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May 27, 2020

Sugar Commission never mentioned NPMC’s failure to control prices

Top Story

May 27, 2020

ISLAMABAD: The Sugar Inquiry Commission has never mentioned National Price Monitoring Committee (NPMC) at federal level and provincial governments failure to take any action when sugar millers earned windfall profits of Rs40.5 billion through jacking up prices at domestic market.

Although, the ECC at time of granting approval for exports of sugar had mandated an inter-ministerial committee to look at prices of sugar in domestic market and recommended reversal of exports if price escalate but it was not mentioned who would be chairing this inter-ministerial committee and what the commission proposed to take action against them after facing failure.

The price control is domain of the provincial governments so the commission did not throw any light on fixing responsibility of failure to take any action despite witnessing sky rocketing prices of sweetener in the domestic market. The commission only held Sugar Advisory Board responsible for taking any action.

The Sugar Inquiry Commission stated that the exporters of sugar gained benefit in two ways: firstly, they were able to gain subsidy and secondly, they made profit from the increasing sugar prices in the local market.

There was no shortage of sugar in the market but still the price increased from Rs55 per kg In December 2018 to Rs71.44 per kg in June 2019 although the GST increase was implemented from July 1, 2019. In the same period, the ex-mill price increased from Rs51.64 kg in December 2018 to Rs67.42 per kg in November 2019. The mills were making reasonable profits at the ex-mill price of Rs51.64 per kg in December 2018.

“With the increase in prices due to export, hoarding and market manipulation, the sugar sector earned an extra profit of Rs40.57 billion,” the commission found.

On the request of Commerce Division, a meeting of Sugar Advisory Board (SAB) was held on 11-09-2018. The agenda proposed by the Commerce Division was to review the overall availability and stock position of sugar and to workout exportable surplus, if any. The Secretary Min NES&R explained that due to water shortage, low production of sugarcane was expected in the upcoming season. After consultation of all the stakeholders, it was concluded that total surplus sugar availability by the end of the season will be 1.962 MMT. After deducting the strategic reserves of two months i.e. 0.866 MMT, there would be net surplus of 1.096 MMT, therefore it would be safe to recommend export of 1.00 MMT without making it time bound. SAG also recommended a Monitoring Committee, headed by Joint Secretary (P50) Mo l&P to ensure the availability of sugar in the country on monthly basis.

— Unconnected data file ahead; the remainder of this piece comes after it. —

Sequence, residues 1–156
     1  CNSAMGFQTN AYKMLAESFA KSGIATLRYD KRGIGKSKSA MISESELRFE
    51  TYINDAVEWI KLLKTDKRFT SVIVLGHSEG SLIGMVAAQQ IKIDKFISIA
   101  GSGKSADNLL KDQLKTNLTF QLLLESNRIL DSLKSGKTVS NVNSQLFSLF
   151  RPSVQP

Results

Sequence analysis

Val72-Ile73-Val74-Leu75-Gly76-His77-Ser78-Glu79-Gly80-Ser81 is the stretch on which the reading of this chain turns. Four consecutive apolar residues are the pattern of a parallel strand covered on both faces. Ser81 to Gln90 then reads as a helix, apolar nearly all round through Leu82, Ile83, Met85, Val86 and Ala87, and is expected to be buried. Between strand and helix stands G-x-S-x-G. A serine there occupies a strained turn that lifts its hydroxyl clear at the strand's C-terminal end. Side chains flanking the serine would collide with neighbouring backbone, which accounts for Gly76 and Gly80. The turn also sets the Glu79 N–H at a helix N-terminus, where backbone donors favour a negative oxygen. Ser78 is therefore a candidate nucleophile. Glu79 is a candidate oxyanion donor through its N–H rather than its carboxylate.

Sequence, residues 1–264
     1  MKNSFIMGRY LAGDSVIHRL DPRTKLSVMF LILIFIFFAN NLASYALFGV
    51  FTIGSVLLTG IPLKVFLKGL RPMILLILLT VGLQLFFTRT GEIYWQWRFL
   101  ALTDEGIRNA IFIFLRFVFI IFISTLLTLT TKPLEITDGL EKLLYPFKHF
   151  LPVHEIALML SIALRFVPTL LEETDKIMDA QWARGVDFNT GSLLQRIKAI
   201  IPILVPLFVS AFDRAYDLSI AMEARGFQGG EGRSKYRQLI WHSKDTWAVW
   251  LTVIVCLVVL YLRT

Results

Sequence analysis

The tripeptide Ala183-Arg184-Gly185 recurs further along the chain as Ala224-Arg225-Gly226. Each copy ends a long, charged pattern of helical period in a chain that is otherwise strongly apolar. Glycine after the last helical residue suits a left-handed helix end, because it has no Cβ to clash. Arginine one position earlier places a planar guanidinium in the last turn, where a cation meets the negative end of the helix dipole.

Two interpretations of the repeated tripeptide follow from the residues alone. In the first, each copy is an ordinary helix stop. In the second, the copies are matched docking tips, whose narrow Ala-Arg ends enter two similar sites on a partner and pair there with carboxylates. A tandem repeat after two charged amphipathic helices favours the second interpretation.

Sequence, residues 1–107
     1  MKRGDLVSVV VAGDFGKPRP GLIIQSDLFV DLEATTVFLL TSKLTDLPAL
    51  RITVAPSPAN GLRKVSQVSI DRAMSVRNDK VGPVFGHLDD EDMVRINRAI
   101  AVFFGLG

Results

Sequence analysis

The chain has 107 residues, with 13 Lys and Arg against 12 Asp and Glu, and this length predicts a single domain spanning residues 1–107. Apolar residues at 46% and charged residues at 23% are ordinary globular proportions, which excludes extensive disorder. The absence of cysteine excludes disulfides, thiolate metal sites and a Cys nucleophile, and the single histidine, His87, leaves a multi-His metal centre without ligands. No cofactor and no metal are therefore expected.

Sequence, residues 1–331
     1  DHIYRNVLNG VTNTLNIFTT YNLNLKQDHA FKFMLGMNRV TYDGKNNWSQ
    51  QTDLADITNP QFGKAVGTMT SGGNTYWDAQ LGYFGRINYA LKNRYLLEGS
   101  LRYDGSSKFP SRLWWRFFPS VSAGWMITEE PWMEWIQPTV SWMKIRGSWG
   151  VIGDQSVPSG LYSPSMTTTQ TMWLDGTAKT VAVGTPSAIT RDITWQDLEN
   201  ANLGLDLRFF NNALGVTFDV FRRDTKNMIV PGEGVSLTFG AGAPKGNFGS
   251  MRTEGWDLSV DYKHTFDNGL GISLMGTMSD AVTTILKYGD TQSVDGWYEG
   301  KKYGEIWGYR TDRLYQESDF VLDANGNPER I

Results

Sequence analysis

On 28-09-2018, Commerce Division forwarded their recommendations to the ECC. The ECC, in its meeting held on 02-10-2018 decided to: I. Allow export of 1.0 MMT of sugar, no freight or financial support to be provided to millers/exporters by the federal/provincial governments, the Inter-Ministerial Committee will meet fortnightly to review sugar stock, export and price situation.

In case of any abnormal increase in domestic price of sugar, the committee would recommend to the ECC of the Cabinet for discontinuation of further exports. The export quota shall be monitored and implemented through SBP.

On 04-12-2018, in the ECC meeting, following were allowed (i) Export quota to be enhanced by 0.1 MMT, without any freight support, (ii) Since the entire issue of freight support arose due to varying procurement prices of sugarcane fixed by the provincial governments, therefore, the freight support may be determined/paid by the respective povincial governments, if deemed appropriate.

iii) The ECC directed Finance Division to release Rs2.0 billion for the payment of outstanding claims of freight support for sugar export, being federal share.

The SAB should have considered that if the increase in price of sugar was not due to shortage of stocks, the intervention of the government was necessary to counter the market manipulation. The ECC had asked the inter-ministerial committee to closely monitor stocks, price of sugar and recommend discontinuation of further exports, in case of abnormal increase in the domestic price of sugar. The contention that the export was not discontinued because export commitments to China were to be honored, does not hold much weight. The export only to China could have been allowed to continue. This intervention was required to curtail the manipulative activities and give a clear message to the market about the seriousness of the government to intervene and control the prices through ban on exports.

The commission is of the opinion that the Sugar Advisory Board failed to take a timely decision to ban the export of sugar. The price hike and the export continued till February 2020.